I don’t know if I can put into words the way this memoir affected me. I write this review with small tears rolling towards the edges of my face. Suki Kim is not just a remarkable writer, journalist, and teacher; she’s a remarkable person.
I’m still not sure if she was aware of what her true purpose was when she set out to the DPRK. Her decision to live in a state of informational isolation and teach the country’s most promising young men was an astounding leap of faith for such a bright Korean-American woman. Regardless of what brought her to it, I believe that this decision did impact the lives of many North Koreans. Not just the ones she educated, but everyone who comprises this odd country’s civic population.
I can guarantee you, no story like hers has ever been told. (Mostly because so few people outside the DPRK ever see the land themselves.) Even sitting on a large, comfy couch in south Denver, having traveled to four continents, having lived in three very different nations, having traversed a few dozen countries, I know I will never be welcomed to North Korea – nor do I have any desire for such a thing. Kim’s experiences have simultaneously confirmed and enlightened my perspective of this unfathomably complex state.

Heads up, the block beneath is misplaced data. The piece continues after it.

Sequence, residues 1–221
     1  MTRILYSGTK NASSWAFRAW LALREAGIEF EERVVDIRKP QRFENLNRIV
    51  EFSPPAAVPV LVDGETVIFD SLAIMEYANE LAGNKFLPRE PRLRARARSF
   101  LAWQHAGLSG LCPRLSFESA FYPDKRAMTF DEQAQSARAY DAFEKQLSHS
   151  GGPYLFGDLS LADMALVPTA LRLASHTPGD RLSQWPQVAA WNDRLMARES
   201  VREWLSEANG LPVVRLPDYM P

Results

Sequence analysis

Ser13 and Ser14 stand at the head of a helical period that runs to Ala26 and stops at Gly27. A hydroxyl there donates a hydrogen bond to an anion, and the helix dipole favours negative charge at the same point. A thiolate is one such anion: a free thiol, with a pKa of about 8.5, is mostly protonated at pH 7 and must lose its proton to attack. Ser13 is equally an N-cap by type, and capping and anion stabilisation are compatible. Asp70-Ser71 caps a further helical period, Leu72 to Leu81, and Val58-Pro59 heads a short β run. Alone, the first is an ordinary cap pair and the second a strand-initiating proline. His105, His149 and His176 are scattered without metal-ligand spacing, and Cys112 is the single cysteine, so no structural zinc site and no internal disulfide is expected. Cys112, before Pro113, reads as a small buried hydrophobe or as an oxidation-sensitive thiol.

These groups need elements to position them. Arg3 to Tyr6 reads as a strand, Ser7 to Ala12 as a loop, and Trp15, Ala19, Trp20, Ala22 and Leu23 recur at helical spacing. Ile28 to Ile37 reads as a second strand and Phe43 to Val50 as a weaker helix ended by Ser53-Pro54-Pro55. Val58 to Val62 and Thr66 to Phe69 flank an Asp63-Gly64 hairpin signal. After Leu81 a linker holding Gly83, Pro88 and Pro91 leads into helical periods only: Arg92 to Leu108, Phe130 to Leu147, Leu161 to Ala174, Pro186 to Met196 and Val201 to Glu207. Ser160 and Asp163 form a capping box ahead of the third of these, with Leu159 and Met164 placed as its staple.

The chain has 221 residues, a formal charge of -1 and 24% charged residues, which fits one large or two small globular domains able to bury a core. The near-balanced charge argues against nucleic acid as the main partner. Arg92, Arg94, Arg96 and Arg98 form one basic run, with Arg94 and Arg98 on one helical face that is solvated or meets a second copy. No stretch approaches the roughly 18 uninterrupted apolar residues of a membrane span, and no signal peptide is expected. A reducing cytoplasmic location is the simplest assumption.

Without You, There Is No Us is much more than a memoir about a woman who left modern civilization behind to pursue a greater purpose. It is an anthology about the lives of thousands of normal people forced to live in abnormal circumstances. It is a story about human nature and our innermost desires, thoughts, and feelings. It is about what makes us human beings and what inspires us to better the world we live in – even if the betterment means bringing danger upon ourselves. It’s about courage, hope, and the deepest level of compassion.
This memoir has set a new standard of writing for me – particularly, as far as memoirs go. The content of every piece of literature should touch your heart and mind in the way that this one assuredly will.